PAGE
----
Looking for a different way to program?

Programming is hard. But does it have to be soooo hard?

Can a programming paradigm work more like a spreadsheet?

Do programming tools have to be as complicated as a jet airliner cockpit? 

Announcing Hilltop.

(or How I’d Like (Love!) to Program)

With Hilltop, the various elements of an application are like spreadsheet cells, which the programmer can define in any order, and which can have both values and instructions that determine those values. And as with spreadsheet cells, where a cell’s value automatically changes when a related cell value does, Hilltop lets the programmer defines “reactive” relationships between application elements.

Here’s how it works:

  1. The Hilltop programming language emphasizes code organization. It has a markdown vibe, no keywords, and just a handful of statements.
  2. Hilltop’s application editor has almost no interface features. Programming is done by tapping the screen, which brings up a context-sensitive menu that provides simple programming choices based on what the programmer taps. Keyboard input is only needed when naming an object or entering a literal value.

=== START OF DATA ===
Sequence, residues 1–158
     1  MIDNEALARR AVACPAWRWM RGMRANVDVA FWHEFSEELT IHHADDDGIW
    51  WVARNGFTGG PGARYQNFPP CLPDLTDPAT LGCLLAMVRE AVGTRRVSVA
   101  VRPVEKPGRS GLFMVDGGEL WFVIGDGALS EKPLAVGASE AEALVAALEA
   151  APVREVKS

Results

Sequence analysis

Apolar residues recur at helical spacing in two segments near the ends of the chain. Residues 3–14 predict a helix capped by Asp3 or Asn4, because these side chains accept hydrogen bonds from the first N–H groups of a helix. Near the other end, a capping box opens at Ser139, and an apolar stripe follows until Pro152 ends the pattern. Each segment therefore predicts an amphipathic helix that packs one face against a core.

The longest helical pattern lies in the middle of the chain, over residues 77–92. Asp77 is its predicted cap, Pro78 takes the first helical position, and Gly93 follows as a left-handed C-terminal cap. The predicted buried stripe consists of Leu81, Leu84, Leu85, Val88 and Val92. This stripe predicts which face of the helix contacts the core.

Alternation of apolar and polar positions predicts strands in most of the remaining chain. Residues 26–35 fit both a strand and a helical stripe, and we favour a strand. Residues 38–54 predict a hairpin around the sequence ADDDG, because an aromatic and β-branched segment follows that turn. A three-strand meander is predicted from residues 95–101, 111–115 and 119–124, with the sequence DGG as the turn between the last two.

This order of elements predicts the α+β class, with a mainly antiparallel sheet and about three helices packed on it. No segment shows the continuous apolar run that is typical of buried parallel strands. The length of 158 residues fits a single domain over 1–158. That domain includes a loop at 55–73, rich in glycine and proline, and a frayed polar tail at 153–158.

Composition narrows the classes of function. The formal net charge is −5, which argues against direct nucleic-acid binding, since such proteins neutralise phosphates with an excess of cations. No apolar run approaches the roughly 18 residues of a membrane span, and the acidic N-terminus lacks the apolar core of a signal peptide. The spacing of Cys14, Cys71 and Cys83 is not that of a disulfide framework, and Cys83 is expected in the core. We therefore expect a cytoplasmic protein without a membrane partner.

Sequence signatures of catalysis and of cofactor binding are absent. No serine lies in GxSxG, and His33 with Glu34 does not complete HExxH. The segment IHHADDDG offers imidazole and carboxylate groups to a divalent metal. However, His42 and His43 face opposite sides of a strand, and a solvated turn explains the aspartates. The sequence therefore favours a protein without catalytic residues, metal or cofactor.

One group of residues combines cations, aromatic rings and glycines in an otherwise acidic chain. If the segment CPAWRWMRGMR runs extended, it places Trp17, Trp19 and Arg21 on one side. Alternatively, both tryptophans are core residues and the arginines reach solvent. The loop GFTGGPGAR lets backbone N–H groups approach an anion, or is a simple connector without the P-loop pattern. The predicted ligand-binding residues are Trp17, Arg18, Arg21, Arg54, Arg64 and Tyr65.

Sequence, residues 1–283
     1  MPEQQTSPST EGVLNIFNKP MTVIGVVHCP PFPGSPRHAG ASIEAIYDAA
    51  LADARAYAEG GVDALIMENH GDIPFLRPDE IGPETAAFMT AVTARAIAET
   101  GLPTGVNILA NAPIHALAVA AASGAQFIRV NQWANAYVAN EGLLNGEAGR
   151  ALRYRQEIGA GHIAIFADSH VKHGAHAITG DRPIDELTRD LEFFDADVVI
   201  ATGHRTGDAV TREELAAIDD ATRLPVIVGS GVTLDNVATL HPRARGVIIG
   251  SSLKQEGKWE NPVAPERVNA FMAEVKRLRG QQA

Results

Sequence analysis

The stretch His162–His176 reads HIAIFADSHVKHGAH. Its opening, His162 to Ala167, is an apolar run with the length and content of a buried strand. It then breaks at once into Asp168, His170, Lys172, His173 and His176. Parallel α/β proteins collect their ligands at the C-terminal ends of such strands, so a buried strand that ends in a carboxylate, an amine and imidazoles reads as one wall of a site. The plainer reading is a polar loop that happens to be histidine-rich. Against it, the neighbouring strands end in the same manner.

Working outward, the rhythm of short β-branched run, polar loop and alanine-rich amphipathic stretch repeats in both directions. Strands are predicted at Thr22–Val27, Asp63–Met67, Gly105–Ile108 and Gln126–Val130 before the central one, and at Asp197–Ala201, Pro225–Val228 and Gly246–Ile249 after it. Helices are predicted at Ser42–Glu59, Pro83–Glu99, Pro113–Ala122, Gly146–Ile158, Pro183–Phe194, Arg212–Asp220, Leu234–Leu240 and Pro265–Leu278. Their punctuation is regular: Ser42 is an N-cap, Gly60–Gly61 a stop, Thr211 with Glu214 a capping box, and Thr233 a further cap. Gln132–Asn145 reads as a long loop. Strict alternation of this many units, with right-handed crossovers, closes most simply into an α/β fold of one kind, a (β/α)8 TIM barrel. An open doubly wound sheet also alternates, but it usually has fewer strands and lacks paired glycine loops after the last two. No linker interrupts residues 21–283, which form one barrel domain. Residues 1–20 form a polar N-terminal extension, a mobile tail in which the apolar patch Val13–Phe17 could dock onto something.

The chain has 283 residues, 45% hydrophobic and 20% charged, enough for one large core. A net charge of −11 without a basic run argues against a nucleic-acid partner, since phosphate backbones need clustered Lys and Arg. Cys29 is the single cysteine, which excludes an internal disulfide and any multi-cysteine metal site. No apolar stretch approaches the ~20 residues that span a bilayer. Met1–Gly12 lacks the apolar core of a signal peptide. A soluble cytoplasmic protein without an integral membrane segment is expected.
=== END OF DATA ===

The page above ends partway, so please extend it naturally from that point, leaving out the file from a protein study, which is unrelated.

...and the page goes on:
3. The programmer starts by defining the objects that play a role within the application. All objects are defined based on predefined object types, like numbers, text, buttons, sounds, etc. All object types have predefined attributes, like value, height, etc. Some objects are predefined, like the computer’s display or internal clock.
  4. The programmer defines values for various object attributes in much the same way that values are defined for spreadsheet cells. Where the value of an attribute depends on the value of another attribute, the attribute’s value is, by default, automatically updated when the value of the referred-to attribute changes (i.e., they’re “reactive,” just like in a spreadsheet). Some attributes get their values automatically.
  5. Events manifest as changes to attribute values. All attributes have built-in event handlers called “watchers.” The programmer chooses which watchers to employ by populating them with instructions that are executed when the associated attribute value changes in any way.

An application is thus:

  • a collection of objects
  • defined by the programmer based on predefined object types with predefined attributes
  • where the programmer defines attribute values and
  • event handlers for attributes whose values the programmer wishes to monitor.

Click on the image below to see what the obligatory “Hello World!” application looks like with Hilltop:

Check out the key points behind Hilltop and additional docs to learn more about this programming approach.

Comments and suggestions are welcome.